For Greece, ‘Oxi’ Referendum Campaign Is Resonant of Anti-Nazi Resistance

When Mussolini demanded Greece surrender, he received a one-word reply -- oxi.


On Oct. 28, 1940, an emissary of Benito Mussolini’s wartime government went to see Greece’s dictatorial leader, Ioannis Metaxas, to deliver an ultimatum: succumb to occupation by Italian troops massed on the Albanian border or face a brutal invasion. Metaxas had a one-word answeroxi, Greek for “no.”

Italian forces invaded, and humiliation followed for Mussolini’s men. Outnumbered Greek troops, assisted by British air support, bravely resisted the Italians, fighting them in the mountains and launching a counterattack that pushed into Albania. It was a brief moment of glory for the Greeks: an early, unexpected Allied land victory against Axis troops.

But it was not to last. Fearful that he had left Romanian oil fields exposed, Adolf Hitler delayed his invasion of Russia and sent his troops south to aid in the conquering of Greece and its eventual occupation. Greece’s wartime experience was a miserable one, marked by famine, hyperinflation, and left-wing guerrilla resistance to the brutal Nazi occupation.

Today, wartime history remains resonant in Greece, and the word oxi — pronounced och-heehas become shorthand for the country’s spirit of defiance. Every year on Oct. 28, Greeks mark what has become known as Oxi Day.

Nowhere is the spirit of resistance more evident than in Greece’s current government, many of whose ministers are steeped in Marxist theory and trace their political history to the leftist partisans who fought Nazi occupation from the mountains. In seeking concessions from their creditors, the Syriza government has tried to link its efforts to Greece’s painful wartime history. In his first act as prime minister, Alexis Tsipras visited a war memorial to 200 Greeks executed by the Nazis. His government has asked Germany to pay reparations for crimes committed on the Greek people. In the streets of Athens and elsewhere, German Chancellor Angela Merkel is compared to a modern-day Hitler.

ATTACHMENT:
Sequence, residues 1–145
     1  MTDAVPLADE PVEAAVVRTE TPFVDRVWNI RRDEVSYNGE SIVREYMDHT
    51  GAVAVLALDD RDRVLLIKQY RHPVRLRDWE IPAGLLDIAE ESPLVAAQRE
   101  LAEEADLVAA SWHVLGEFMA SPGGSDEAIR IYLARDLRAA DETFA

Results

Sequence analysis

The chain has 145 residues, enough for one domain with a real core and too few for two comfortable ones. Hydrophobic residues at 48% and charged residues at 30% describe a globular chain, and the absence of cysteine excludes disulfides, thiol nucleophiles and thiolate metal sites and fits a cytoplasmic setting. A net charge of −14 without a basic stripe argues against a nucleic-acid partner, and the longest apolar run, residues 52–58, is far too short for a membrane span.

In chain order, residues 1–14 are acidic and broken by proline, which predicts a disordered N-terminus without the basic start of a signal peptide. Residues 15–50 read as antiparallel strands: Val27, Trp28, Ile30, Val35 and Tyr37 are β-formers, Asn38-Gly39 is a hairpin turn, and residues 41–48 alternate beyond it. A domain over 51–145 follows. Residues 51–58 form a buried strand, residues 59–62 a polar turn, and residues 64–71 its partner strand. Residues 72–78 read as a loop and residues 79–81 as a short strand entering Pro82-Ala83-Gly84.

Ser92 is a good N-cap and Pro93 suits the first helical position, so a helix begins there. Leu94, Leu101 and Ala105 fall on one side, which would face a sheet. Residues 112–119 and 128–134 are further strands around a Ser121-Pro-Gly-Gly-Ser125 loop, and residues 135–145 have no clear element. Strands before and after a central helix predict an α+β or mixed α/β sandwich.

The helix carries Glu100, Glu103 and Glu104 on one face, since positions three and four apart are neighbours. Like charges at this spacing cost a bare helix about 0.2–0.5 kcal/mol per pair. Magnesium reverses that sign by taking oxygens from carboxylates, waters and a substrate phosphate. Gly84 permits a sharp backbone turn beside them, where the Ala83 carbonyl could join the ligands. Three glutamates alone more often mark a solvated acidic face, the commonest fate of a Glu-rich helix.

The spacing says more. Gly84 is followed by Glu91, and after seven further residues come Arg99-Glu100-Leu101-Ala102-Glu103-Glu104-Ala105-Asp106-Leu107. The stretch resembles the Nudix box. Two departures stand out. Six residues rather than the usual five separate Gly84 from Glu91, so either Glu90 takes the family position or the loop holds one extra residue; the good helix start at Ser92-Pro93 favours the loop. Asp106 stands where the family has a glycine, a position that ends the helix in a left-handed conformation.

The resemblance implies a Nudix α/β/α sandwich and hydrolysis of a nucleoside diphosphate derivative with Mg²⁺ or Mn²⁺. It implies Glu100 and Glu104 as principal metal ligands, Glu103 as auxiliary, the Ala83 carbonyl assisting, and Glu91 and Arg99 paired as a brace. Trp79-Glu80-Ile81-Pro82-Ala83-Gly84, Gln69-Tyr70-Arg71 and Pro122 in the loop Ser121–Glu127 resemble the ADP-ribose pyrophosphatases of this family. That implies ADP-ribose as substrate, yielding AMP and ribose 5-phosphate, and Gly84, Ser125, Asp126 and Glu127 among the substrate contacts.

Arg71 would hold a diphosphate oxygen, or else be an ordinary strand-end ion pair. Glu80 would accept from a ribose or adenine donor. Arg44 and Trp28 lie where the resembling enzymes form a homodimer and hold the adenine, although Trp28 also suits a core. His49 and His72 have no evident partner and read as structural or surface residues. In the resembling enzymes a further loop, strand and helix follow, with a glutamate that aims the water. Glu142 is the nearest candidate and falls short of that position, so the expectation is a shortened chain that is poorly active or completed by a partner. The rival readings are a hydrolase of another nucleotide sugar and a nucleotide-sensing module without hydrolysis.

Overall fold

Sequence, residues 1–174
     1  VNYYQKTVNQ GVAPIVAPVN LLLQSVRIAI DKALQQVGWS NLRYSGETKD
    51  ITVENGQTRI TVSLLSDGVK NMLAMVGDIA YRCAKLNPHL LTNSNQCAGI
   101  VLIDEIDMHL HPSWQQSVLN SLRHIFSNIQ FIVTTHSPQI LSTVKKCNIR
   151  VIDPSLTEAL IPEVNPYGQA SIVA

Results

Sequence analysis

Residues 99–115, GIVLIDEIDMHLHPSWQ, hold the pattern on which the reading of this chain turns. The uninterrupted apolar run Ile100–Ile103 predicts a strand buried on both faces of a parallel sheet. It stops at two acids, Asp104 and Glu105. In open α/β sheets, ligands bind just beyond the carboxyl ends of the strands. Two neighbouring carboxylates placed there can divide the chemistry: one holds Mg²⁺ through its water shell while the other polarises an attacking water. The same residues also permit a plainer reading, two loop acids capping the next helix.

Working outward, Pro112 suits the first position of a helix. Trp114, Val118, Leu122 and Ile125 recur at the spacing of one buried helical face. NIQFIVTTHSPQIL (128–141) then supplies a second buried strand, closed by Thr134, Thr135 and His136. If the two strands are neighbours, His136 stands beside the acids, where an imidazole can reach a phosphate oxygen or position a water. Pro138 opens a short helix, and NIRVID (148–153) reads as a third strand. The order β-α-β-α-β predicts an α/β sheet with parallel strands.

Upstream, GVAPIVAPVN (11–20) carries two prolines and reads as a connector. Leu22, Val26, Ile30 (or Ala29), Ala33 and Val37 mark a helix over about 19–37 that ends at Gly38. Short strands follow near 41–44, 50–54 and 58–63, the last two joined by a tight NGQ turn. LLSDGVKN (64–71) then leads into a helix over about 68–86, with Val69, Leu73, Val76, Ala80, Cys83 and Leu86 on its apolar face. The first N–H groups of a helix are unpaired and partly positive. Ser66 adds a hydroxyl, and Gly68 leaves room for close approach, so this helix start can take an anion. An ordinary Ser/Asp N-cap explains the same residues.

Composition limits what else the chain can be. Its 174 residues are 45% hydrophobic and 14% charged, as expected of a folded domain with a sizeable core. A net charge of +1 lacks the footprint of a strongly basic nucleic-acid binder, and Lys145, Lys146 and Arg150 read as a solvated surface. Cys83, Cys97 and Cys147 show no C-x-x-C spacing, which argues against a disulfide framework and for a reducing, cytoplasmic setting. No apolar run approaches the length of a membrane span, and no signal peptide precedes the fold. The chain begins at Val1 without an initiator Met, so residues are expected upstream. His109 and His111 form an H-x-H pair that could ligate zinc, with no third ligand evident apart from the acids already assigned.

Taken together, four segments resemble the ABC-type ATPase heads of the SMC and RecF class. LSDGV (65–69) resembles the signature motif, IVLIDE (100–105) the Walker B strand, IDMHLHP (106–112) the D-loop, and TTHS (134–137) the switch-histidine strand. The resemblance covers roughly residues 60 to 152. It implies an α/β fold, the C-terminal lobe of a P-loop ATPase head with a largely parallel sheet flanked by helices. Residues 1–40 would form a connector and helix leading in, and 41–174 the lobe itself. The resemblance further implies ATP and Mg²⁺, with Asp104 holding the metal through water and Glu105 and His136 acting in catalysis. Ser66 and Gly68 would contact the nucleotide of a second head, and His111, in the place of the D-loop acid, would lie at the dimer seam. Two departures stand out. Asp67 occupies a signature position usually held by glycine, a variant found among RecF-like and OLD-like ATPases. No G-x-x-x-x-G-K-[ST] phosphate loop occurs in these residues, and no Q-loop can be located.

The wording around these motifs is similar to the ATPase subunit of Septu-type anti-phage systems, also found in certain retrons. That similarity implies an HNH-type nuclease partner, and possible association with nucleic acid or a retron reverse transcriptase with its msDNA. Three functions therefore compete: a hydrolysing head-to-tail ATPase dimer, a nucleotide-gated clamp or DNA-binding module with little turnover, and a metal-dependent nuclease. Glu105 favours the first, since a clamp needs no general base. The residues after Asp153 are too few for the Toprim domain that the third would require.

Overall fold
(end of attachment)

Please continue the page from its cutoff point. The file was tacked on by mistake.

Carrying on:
And as Greece heads to the polls for a referendum Sunday on whether to accept a set of economic reforms in exchange for bailout money, Tsipras and his lieutenants are using the word oxi to urge their countrymen to reject the proposal. Tsipras hasn’t overtly linked the language he’s using to Metaxas’s act of defiance, but he doesn’t really need to. It’s a resonant word, and in the context of European financial politics, one that doesn’t really need to be explained.

Photo credit: LOUISA GOULIAMAKI/AFP/GettyImages

Elias Groll is a staff writer at Foreign Policy. Twitter: @EliasGroll

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